Twentyman's Daily Notebook: Who practiced, who didn't, following Saturday's injury-ridden game

Posted Aug 27, 2012

Matthew Stafford wasn’t the only Lions starter to leave Saturday’s game due to injury. Running back Kevin Smith (ankle) and cornerbacks Chris Houston (ankle) and Bill Bentley (shoulder) also left. All three of those players did not practice Monday.

Lions fans can rest easy. Quarterback Matthew Stafford was back on the practice field Monday and seemingly feeling no effects of a left-hand injury that forced him to leave Saturday’s preseason game in Oakland in the second quarter.

Stafford participated in the portion of practice open to the media Monday afternoon and did not have his non-throwing hand wrapped or taped.

“I was kind of scared because I didn’t know what it was,” Stafford said Monday after practice. “I had just never seen it swell like that before. I thought I had broken it or something, but then it started feeling better.”

Stafford wasn’t the only Lions starter to leave Saturday’s game due to injury. Running back Kevin Smith (ankle) and cornerbacks Chris Houston (ankle) and Bill Bentley (shoulder) also left. All three of those players did not practice Monday.

“We’ll see where they get to,” Schwartz said of Smith, Houston and Bentley. “It’s likely that none of them will play Thursday but we’ll just see what kind of progression we can get them on. There’s nothing really long term with any of them.”

Smith said in the locker room after practice that it was just a tweak and nothing serious.

“You never want to deal with that high ankle sprain,” he said.

Smith would know, he played through a high ankle sprain almost all of last year and was never 100-percent after suffering it against the Packers on Thanksgiving one week after a 140-yard performance against the Panthers.

“I got a break,” he said of Saturday's injury. “It takes so long to recover (from a high ankle sprain).”

Also missing the portion of practice open to media: receiver Calvin Johnson, linebacker Stephen Tulloch, linebacker Travis Lewis, defensive tackle Andre Fluellen, tight end Brandon Pettigrew and safety John Wendling.

Running back and kick returner Stefan Logan participated in practice for the first time since injuring his ankle the second week of the preseason in a victory over the Ravens.

“He’s still not 100-percent back,” Schwartz said of Logan. “Physically he’s moving very well right now. His ankle hasn’t been a problem at all and he’s an open-field playmaker for us and he’s going to be a very important part of our offense.”

Punters Ryan Donahue and Ben Graham have one more preseason game and less than a week to earn the Lions punting duties this season. The team's final roster cuts down to 53 players have to be made by 9 p.m. Friday.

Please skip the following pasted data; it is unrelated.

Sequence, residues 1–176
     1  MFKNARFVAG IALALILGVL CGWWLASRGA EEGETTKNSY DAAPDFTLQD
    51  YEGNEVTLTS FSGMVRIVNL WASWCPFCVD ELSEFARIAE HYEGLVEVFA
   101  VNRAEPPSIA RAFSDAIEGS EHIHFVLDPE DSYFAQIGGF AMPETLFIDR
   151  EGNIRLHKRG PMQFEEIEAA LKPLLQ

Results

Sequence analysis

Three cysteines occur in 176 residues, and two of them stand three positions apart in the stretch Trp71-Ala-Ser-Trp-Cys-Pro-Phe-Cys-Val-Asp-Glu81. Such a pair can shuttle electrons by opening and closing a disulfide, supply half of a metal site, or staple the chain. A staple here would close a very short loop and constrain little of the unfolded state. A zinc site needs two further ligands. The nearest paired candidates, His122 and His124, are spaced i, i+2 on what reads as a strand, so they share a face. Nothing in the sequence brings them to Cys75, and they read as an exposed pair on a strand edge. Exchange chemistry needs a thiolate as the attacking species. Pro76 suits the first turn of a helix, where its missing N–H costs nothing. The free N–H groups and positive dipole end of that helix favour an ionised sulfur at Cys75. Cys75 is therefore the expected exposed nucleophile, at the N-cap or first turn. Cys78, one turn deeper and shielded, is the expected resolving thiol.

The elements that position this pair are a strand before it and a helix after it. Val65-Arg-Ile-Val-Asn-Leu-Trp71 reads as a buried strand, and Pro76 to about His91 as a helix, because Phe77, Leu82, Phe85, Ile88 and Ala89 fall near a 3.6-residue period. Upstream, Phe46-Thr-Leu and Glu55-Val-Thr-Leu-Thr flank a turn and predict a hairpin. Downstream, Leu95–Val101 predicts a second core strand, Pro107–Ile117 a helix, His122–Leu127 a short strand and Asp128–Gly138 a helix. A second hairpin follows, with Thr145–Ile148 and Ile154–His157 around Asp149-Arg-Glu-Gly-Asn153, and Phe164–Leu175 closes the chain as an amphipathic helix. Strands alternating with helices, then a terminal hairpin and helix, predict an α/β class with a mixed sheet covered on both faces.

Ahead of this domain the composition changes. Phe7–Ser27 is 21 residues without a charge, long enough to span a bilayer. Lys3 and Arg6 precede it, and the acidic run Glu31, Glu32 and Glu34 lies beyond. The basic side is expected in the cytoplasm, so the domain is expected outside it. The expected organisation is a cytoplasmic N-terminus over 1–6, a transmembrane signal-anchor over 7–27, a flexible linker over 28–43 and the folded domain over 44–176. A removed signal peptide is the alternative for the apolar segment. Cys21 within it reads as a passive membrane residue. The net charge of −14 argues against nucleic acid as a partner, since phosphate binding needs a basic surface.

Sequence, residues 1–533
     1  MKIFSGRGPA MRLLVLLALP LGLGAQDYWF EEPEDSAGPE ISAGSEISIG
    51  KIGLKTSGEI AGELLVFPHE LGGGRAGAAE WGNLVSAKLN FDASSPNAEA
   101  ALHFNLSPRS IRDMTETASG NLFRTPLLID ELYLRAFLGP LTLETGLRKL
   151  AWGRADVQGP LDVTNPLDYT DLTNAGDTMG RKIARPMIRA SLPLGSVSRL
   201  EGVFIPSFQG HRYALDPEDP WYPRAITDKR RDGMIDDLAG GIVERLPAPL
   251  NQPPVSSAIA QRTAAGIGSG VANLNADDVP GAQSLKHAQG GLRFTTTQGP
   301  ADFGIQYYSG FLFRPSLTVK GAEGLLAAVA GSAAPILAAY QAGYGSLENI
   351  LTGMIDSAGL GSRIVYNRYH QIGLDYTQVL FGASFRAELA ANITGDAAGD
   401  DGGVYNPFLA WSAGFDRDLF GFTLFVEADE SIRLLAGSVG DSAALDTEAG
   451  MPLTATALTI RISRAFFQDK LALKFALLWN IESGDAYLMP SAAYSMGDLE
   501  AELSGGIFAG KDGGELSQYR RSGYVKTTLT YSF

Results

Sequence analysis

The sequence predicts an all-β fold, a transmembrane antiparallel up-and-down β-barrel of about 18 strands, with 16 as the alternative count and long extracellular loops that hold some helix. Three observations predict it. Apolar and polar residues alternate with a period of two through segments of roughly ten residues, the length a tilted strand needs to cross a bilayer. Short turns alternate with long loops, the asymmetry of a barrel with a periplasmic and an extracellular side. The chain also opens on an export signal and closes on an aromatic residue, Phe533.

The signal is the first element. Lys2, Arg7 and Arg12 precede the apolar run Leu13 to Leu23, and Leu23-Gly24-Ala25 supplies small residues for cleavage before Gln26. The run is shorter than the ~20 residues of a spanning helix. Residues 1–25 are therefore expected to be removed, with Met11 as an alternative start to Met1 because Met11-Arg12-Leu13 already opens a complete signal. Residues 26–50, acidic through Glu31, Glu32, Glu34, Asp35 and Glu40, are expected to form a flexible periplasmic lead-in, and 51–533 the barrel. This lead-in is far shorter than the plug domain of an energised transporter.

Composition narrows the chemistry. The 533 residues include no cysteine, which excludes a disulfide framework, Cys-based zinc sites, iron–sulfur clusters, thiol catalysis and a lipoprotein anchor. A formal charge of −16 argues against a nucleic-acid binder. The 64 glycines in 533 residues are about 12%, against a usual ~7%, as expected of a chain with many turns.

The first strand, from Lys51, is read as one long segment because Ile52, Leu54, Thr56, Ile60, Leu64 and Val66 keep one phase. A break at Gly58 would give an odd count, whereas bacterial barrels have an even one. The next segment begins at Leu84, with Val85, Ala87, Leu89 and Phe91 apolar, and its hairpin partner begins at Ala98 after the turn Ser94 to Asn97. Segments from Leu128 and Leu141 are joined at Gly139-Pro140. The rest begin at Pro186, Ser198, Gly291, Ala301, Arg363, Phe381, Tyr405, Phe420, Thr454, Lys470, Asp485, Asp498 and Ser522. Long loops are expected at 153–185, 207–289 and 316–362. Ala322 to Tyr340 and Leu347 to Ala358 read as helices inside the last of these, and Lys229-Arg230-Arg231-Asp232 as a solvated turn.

It’s been one of the closest competitions in all of training camp with neither player stepping forward as a consistent performer to win the job.

“Need to see consistent punting and that’s something that we haven’t gotten from either guy in the first three games,” Schwartz said. “(Thursday against the Bills) is a very important game for both of those guys.”

Donahue has 10 punts this preseason with a 39.7 average and two balls pinning opponents inside the 20-yard line. His long is 54 yards.

“I need to be consistent,” Donahue said of what he needs to do Thursday against the Bills to win the job. “That’s all it comes down to. I feel like I’m more than talented enough to win this job. I just need to show that I can be consistent on the field and every punt is going to be a good ball. So far I’ve let myself down.”

Graham is averaging 41.6 yards in nine punts with four finishing inside the 20-yard line. His long is 49 yards.

“I’m sure as a coach there’s a whole number of things that go into the decision-making process,” Graham said. “Ultimately it’s up to us to put our best work out there and just let them make a decision.

“I have to punt well. Ideally, I’d love to have five punts from midfield and pin them in the 5-yard line every time because that’s my strength. That’s where I’ve been dominant. It’s a body of work. We’ll see how it turns out.”

If the job hasn’t been decided yet, Thursday is a big game for both players.

Schwartz told back June that the safety position is ever-evolving in the NFL.

The days of the in-the-box safety in the NFL are a thing of the past and the new breed of safety has speed and can cover. It's the reason Schwartz gave for why the Lions parted ways with safety Sean Jones on Monday as part of the team's roster cut to 75 players.

“Safety position for our team is pretty unique,” Schwartz said. “I don’t want to say unique because there’s a lot of teams trending toward that way all across the league and for us movement skills and things like that are more important than in-the-box play and stuff like that.

“It just didn’t fit Sean’s strengths. Sean’s strengths are a little bit different than what we were looking for.”